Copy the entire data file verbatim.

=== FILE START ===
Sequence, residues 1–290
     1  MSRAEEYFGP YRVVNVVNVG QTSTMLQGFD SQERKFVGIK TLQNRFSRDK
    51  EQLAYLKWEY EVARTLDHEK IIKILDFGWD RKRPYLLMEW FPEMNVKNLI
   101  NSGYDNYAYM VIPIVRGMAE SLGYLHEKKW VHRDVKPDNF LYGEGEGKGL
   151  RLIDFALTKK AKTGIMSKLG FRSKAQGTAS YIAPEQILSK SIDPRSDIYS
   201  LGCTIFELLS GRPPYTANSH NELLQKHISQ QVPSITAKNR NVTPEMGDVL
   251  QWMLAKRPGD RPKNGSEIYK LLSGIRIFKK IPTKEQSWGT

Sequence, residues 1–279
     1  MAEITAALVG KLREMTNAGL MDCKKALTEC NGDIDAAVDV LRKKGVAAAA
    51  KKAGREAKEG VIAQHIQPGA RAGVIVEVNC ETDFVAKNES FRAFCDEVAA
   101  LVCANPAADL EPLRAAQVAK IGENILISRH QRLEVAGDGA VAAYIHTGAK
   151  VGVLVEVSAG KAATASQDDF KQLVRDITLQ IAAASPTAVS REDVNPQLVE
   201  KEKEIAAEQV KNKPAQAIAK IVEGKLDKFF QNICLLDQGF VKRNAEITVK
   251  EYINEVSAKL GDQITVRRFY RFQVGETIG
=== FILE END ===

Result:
Sequence, residues 1–290
     1  MSRAEEYFGP YRVVNVVNVG QTSTMLQGFD SQERKFVGIK TLQNRFSRDK
    51  EQLAYLKWEY EVARTLDHEK IIKILDFGWD RKRPYLLMEW FPEMNVKNLI
   101  NSGYDNYAYM VIPIVRGMAE SLGYLHEKKW VHRDVKPDNF LYGEGEGKGL
   151  RLIDFALTKK AKTGIMSKLG FRSKAQGTAS YIAPEQILSK SIDPRSDIYS
   201  LGCTIFELLS GRPPYTANSH NELLQKHISQ QVPSITAKNR NVTPEMGDVL
   251  QWMLAKRPGD RPKNGSEIYK LLSGIRIFKK IPTKEQSWGT

Sequence, residues 1–279
     1  MAEITAALVG KLREMTNAGL MDCKKALTEC NGDIDAAVDV LRKKGVAAAA
    51  KKAGREAKEG VIAQHIQPGA RAGVIVEVNC ETDFVAKNES FRAFCDEVAA
   101  LVCANPAADL EPLRAAQVAK IGENILISRH QRLEVAGDGA VAAYIHTGAK
   151  VGVLVEVSAG KAATASQDDF KQLVRDITLQ IAAASPTAVS REDVNPQLVE
   201  KEKEIAAEQV KNKPAQAIAK IVEGKLDKFF QNICLLDQGF VKRNAEITVK
   251  EYINEVSAKL GDQITVRRFY RFQVGETIG